One day last month, Gerry Faust sat in his office and atop the world at the same time.

He had coached one football game at Notre Dame and already they were measuring him for granite. The Irish were ranked No. 1. The big concern on campus was what the legend-to-be would do for an encore after going 12-0 his first season.

"I'm not worried about any of that," Faust said at the time. "I'm used to being No. 1, used to having people shooting at me. What would worry me would be losing. Heck, if we went 7-4 or something, they'd probably want to hang me."

He laughed. But neither Gerry Faust nor anyone else around the Golden Dome is laughing any more. The Irish are 2-3 and clear underdogs going into Saturday's game with No. 5 Southern Cal. A 5-6 record is a genuine possibility.

"Gee, I hope not," said Faust this week. "I'm still hoping for 8-3. I don't like losing, can't stand it. But I think I've learned from this experience. I think I'll be a better college coach for it.

"I used to lose a game at Moeller (High School in Cincinnati) and it would bother me for a year. Now I know in college with the balance of talent, you're going to lose games. I don't ever want losing not to hurt, but I know now you have to take 12 hours to get over it, then get back to work."

Faust has been wrong about one thing: in spite of the record, no one here wants to hang him. Two weeks ago, after the Irish lost their second game, to Purdue, the Notre Dame alumni senate made him an honorary alumnus. On campus, the main question seems to be: "How's Gerry, is he okay?"

Gerry says he is okay, but admits the losses to Michigan, Purdue and Florida State were a shock. "I felt sorry for myself at first," he said. "But now I think I understand a little better that you can't just win and win and win."

On the surface, the losing has not changed Faust. But his players say things have changed on the practice field. Minor mistakes, overlooked or merely pointed out during preseason, are now jumped on by the coach.

"The week after the Michigan game he was hard to live with," said linebacker Bob Crable, who played for Faust at Moeller. "Losing like that was just a complete shock to his system. He became a lot more intense after that."

Blair Kiel, who will start at quartyerback against USC, agreed. "Now, he wants perfection in practice," he said. "I think maybe he took a look around when he first got here, saw all the athletes and figured if we made a little mistake in practice, we'd correct it in a game. Now, he knows that's not true.

"He doesn't smile as much as he used to out there. The atmosphere isn't as friendly as it used to be but that's necessary. We all understand that."

What has concerned everyone here -- players, coaches and Athletic Director Gene Corrigan -- is how hard Faust took each loss. "He just heaped all the blame on himself," said Corrigan. "He has to understand it isn't all his fault. There's a lot more involved.

"But that's the nature of Notre Dame. Heck, nobody knows the AD at Notre Dame, they all know the football coach. Either he gets a standing ovation or the back of everyone's hand. There's no in-between."

Today they still are cheering Faust. He has a five-year contract, so his job security is almost complete.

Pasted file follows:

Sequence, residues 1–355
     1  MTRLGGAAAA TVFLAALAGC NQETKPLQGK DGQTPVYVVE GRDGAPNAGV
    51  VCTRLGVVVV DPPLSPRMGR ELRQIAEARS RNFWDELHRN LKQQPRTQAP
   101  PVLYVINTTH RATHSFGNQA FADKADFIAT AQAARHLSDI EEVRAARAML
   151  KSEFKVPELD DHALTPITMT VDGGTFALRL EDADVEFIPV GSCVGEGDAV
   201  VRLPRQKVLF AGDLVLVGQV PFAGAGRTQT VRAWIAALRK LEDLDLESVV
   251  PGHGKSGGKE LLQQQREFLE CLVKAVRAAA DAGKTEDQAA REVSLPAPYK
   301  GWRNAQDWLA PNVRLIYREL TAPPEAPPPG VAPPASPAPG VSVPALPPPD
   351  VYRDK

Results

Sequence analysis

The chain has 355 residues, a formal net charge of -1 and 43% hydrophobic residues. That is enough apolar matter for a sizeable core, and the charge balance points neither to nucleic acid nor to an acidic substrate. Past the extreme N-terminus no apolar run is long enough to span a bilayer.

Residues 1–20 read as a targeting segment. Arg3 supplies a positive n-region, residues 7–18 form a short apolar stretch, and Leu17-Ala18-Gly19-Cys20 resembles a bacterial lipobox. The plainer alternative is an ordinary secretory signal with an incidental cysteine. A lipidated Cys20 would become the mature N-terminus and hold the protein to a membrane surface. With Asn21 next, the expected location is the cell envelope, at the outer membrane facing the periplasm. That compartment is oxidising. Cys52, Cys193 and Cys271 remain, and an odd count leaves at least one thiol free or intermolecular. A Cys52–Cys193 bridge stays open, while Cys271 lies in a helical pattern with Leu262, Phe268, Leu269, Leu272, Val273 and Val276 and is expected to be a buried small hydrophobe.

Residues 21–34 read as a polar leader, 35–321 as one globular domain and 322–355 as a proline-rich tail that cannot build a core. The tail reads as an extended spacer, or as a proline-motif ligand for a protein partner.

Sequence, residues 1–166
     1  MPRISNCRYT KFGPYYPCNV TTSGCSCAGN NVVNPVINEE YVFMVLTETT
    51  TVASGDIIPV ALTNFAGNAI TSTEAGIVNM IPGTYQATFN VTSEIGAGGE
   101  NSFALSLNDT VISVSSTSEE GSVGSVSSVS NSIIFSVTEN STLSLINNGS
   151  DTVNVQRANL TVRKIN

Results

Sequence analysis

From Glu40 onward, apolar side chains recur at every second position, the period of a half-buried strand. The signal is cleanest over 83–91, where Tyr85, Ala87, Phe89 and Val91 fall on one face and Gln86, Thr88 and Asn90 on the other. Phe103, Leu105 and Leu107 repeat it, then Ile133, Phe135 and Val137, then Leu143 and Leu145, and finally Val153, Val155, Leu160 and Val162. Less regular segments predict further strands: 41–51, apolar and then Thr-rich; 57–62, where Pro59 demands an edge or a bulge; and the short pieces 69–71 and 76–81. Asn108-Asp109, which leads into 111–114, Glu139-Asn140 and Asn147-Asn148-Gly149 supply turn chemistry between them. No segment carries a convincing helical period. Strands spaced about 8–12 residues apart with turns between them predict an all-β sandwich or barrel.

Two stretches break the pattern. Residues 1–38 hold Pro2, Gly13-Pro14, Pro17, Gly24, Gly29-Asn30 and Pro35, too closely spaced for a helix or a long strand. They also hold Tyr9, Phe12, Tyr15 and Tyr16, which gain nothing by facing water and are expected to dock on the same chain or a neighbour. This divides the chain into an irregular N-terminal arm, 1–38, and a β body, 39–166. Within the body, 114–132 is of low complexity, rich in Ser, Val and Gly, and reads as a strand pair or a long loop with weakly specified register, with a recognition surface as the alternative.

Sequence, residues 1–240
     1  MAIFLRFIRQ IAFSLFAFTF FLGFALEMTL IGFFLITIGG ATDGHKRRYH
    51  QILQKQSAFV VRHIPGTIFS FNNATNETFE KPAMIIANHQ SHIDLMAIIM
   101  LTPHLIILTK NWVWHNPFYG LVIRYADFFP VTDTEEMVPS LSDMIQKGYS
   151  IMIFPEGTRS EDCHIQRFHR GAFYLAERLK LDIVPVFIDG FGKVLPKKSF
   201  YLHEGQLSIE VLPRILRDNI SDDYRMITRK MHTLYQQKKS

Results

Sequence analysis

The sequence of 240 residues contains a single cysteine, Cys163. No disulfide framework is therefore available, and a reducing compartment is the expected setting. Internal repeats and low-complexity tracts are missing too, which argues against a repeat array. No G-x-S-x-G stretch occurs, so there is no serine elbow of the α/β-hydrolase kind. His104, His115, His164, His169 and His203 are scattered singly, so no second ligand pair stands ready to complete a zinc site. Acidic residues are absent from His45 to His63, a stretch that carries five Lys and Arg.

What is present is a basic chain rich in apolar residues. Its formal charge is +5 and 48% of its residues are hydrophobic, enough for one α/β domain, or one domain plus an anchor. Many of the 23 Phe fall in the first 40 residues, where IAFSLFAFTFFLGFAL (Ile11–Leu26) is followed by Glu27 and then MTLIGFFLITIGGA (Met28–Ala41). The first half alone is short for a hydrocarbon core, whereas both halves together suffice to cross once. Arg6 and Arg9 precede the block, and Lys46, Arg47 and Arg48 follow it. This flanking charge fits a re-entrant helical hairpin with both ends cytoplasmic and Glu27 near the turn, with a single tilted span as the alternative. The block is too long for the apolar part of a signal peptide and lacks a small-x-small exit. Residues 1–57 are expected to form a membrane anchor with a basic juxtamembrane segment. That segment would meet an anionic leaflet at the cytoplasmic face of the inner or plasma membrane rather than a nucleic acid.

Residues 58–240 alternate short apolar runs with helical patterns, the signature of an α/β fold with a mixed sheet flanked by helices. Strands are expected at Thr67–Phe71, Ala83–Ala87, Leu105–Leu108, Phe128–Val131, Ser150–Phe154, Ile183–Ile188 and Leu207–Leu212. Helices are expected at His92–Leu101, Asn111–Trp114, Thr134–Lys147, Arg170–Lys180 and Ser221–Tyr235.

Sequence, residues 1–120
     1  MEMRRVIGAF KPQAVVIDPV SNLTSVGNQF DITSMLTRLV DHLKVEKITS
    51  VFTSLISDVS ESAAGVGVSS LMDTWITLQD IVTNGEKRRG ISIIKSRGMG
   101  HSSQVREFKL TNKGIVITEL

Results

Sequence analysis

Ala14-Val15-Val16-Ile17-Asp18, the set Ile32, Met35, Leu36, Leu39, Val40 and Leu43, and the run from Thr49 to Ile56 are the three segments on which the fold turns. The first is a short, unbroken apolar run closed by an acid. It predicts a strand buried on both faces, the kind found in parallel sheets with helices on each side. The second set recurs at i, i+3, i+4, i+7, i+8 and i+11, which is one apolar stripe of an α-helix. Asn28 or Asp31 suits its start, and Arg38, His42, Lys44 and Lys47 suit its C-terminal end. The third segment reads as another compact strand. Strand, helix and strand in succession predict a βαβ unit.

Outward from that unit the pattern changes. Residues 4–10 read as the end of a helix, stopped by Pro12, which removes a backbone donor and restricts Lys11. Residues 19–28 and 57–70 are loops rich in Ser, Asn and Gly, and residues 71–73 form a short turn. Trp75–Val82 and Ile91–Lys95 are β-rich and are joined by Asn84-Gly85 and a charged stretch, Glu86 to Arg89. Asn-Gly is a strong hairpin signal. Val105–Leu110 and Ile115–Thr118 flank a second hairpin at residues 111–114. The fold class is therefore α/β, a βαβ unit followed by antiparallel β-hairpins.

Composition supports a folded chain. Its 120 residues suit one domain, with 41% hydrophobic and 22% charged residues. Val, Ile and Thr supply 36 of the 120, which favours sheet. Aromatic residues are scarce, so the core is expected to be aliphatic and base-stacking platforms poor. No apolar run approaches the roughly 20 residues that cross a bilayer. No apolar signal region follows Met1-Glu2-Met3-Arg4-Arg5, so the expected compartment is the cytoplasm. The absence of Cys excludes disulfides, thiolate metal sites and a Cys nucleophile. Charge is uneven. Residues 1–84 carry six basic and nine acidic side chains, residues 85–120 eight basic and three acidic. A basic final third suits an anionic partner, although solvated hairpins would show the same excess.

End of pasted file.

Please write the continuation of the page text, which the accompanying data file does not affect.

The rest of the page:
"The problem is we built expectations so high because of Gerry's enthusiasm that the fall has hurt more," Corrigan said. "It's all a learning experience, though."

Digger Phelps agrees. The Notre Dame basketball coach was 6-20 his first season and knows you can't promise miracles on arrival. "Gerry is always enthusiastic by nature," Phelps said. "But you learn, for the sake of your own survival, to control it a little. You can't be perfect."

Phelps smiled. "He still doesn't curse. But I keep telling him, he'll learn."

Although 95 percent of Faust's mail has been positive, he says, there have been a few letters suggesting he reconsider his profession. "One suggested I become a priest," he said. "That's not a bad job."

Still, Faust knows he must be tougher on his players, that they cannot adapt to a multiple offense overnight. And he knows he can't be nice to everybody.

When Faust arrived, he had nothing but good things to say about his predecessor, Dan Devine. He even put a picture of Devine on the wall in his office.

But last week Devine showed up in the press box at a Chicago Bears game and said publicly, "This is the weakest Southern Cal team I've seen in 15 years."

Publicly, all Faust would say when asked about Devine's remark was, "Consider the source."

"That's really a self-serving comment (by Devine)," Southern Cal Coach John Robinson said today. "They ought to make a rule that any coach who leaves a high-visibility job gets sent on an all-expenses-paid, first-class trip around the world for a year. That way, the new guy has half a chance."

Faust won't talk about Devine. But in the place in Faust's office where Devine's picture once hung, there is only a picture hook.

Faust is learning some hard lessons. But he is also retaining his sense of humor. On Tuesday, Faust visited a local retired nuns' home. Faust sensed the sisters, whom he had visited previously, were uneasy now, unsure how to react to him.

Faust never blinked. "I just pointed my finger at them and said, 'Now gosh darn it, I've got a bone to pick with all of you. You haven't been praying hard enough for us. That's the problem. None of this is my fault. It's your fault.' "

Faust broke up and he said the nuns broke up. And on Saturday, the Irish will look for a small miracle against USC.